On this appeal, we address the interplay of the statute of repose protecting designers and builders, N.J.S.A. 2A:14-1.1, and the rule governing our fictitious-party practice. R. 4:26-4. The case arose when plaintiff was injured on a staircase in a building approximately nine years after its completion. One month prior to the expiration of the ten-year statute of repose, plaintiff filed suit against the building's owner and several fictitious defendants, identified as the designers and builders of the staircase. A year after the expiration of the ten-year period, plaintiff amended her complaint, substituting the name of the designer of the staircase for one of the fictitious defendants. The designer moved for summary judgment, which the trial court granted and the Appellate Division affirmed. We granted plaintiff's petition for certification and now reverse.

We hold that, when plaintiff's injury and the filing of her lawsuit occur within the period of repose, utilization of our fictitious-party practice allows a previously unknown, although functionally identified, designer or builder to be named after the expiration of the period of repose, so long as plaintiff has acted diligently.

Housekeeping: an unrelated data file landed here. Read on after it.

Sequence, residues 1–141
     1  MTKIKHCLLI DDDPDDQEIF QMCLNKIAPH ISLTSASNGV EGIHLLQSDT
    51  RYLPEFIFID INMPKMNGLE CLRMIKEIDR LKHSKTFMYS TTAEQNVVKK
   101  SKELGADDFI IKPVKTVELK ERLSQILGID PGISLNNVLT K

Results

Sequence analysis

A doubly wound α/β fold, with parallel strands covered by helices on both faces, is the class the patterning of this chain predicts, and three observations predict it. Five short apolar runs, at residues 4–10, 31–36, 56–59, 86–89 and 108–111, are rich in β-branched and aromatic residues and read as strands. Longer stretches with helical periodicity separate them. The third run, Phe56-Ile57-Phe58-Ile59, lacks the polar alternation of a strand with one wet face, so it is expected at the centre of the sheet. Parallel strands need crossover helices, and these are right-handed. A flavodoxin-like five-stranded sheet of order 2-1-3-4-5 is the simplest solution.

I.

The essential facts in the case are not in dispute. Plaintiff, Wendy Greczyn tripped and fell on a staircase in the Colgate-Palmolive office center in Piscataway on March 11, 1999. On October 3, 2000, Greczyn filed suit to recover damages for personal injuries allegedly arising from that fall.*fn1 She joined her employer, Colgate-Palmolive, solely for the purposes of discovery and named as additional defendants John Does, one through twenty, and ABC Corps., one through twenty. Greczyn described fictitious defendants eleven through fifteen as the designers of the staircase on which she fell, and then, during discovery, learned that Kling Lindquist was the designer involved in the renovation and construction of that staircase. Kling Lindquist substantially completed its work on the staircase in November 1990, nearly ten years prior to Greczyn's initial complaint.*fn2 In October 2001, a trial judge granted Greczyn's motion to amend her complaint, substituting Kling Lindquist for a fictitious defendant. Greczyn filed an amended complaint in December 2001, explicitly naming Kling Lindquist in the suit for the first time.

In March 2003, a different trial judge granted Kling Lindquist's motion for summary judgment based on the ten-year statute of ...